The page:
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I am currently using a WMI query to return the manufacturer name of all hard disks connected to a computer. Unfortunately this doesn't specifically return "Intel" or "Western Digital" so I am using string.Contains() to compare who the manufacturer is. My code in simple form is:

        //*** Declare Management Class
        ManagementClass clsMgtClass = new ManagementClass("Win32_DiskDrive");
        ManagementObjectCollection colMgtObjCol = clsMgtClass.GetInstances();

        //*** Loop Over Objects

        foreach (ManagementObject objMgtObj in colMgtObjCol)
        {
            MessageBox.Show(objMgtObj.Properties["Manufacturer"].Value.ToString());
        }

This works maybe 60% of the time, because it relies on the WMI to return the whole name. So for example my hard drive is returned as "SanDisk SDSSDX240GG25 ATA Device" which is fine because I can locate "SanDisk" quite easily. Likewise, Western Digital products will show up as "WD3000USB" or something like that, where I can clearly find "WD". However on another computer using a Seagate drive, it has SE1000GXB blah blah and doesn't have any real indication of the manufacturer. So my question is, how could I reliably find out the hard drive manufacturer, and be able to easily differentiate between manufacturers without having to go to all the trouble of querying model numbers through a google script or database. Thanks. Another edit: using the member "Caption", it will return the examples above. Using the member "Manufacturer" will simply return "(Standard Disk Drives)"

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hardforum.com/showthread.php?t=921544 helps, the model number I mentioned above was ST31000340AS which fits in to this prefix calculator, but it isn't the most elegant solution. Any suggestions would be appreciated –  OSer Jul 5 '12 at 2:34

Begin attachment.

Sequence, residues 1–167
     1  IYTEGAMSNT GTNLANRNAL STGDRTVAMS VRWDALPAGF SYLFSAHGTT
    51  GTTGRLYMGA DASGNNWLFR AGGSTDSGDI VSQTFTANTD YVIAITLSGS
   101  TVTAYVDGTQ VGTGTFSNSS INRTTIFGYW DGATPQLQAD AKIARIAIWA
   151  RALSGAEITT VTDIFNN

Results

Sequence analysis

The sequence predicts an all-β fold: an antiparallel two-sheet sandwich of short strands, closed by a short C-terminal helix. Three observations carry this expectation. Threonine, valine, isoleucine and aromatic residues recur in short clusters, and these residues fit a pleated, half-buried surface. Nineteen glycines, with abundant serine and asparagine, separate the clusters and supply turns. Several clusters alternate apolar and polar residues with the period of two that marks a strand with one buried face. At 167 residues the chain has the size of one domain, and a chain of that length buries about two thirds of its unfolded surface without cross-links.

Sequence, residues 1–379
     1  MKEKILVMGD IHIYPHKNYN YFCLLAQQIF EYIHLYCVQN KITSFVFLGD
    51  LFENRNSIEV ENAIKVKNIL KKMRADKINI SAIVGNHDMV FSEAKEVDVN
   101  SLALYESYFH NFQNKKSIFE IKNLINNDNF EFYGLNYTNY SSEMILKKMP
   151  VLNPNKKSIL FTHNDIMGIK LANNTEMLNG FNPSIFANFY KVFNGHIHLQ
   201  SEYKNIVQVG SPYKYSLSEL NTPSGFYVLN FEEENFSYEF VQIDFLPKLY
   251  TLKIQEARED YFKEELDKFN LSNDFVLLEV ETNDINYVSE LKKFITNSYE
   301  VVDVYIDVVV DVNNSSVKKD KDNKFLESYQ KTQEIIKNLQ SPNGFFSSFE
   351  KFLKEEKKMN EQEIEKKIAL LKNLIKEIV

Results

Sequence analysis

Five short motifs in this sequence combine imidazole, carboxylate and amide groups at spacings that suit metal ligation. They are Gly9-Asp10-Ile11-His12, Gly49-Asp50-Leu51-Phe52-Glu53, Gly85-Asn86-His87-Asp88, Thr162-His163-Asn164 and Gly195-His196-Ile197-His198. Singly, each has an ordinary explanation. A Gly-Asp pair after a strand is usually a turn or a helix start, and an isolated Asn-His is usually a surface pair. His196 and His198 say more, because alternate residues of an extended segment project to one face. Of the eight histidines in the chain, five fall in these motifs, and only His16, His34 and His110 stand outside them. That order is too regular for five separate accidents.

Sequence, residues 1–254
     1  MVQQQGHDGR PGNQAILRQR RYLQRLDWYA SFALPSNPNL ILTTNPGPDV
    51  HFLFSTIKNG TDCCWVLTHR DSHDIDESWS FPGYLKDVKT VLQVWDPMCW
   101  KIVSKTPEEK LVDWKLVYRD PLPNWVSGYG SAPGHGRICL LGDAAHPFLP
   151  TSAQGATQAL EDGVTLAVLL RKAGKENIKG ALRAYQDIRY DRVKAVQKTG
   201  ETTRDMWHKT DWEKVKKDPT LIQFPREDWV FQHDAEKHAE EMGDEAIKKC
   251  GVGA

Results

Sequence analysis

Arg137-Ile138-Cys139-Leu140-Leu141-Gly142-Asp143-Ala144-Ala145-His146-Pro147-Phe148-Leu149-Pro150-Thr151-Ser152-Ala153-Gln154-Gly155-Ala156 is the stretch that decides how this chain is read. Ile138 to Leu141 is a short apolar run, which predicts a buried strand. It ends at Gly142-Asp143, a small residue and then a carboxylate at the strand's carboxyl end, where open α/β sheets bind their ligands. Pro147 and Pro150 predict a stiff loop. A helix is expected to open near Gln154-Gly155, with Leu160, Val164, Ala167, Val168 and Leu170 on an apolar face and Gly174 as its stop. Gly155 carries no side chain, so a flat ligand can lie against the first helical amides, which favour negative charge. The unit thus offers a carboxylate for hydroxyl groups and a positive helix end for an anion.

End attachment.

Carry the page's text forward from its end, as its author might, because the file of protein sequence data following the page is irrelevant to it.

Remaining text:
I cannot find alternatives to wmi for getting a well formed human readable manufacturer name for disk drives. Can you run the script on the network and then get a count of unique manufacturer names? Or am I missing the point.... –  jJack Jul 5 '12 at 3:30
    
I could jJack, but that would simply be compiling a list of HDD ID's which I could easily do on the internet. After a while of searching, it appears the only solution will be to find out unique patterns or combinations that can distinguish between manufacturers. –  OSer Jul 5 '12 at 3:39
    
This is how they appear in Device Manager, so I don't think you are going to get anything better. Device Manager also shows Manufacturer as "(Standard Disk Drives)". –  Michael Jul 5 '12 at 3:49
    
Might be possible to use regex expressions to look for acronym and abbreviation patterns. Or some other way to measure levenshtein distance between what wmi returns against a 'friendly' name. Libraries exist for this type of problem, would that be something you're willing to explore? –  jJack Jul 5 '12 at 3:55

1 Answer 1

ST - seagate

You could download a list of model number prefixes from each of the now merged hard disk companies and make a table out of the models, this table could contain the actual capacities as well if you wished.

Model numbers typically have enough information in them, serial numbers on disk devices after 1986 typically contain model information in them.

Bottom line, you may have to create a table to lookup the information in a human friendly way.

http://www.robvanderwoude.com/files/listhdds_2k.txt

this will help you know what merged http://en.wikipedia.org/wiki/List_of_defunct_hard_disk_manufacturers

here's a batch file for windows http://www.robvanderwoude.com/sourcecode.php?src=listhdds_2k

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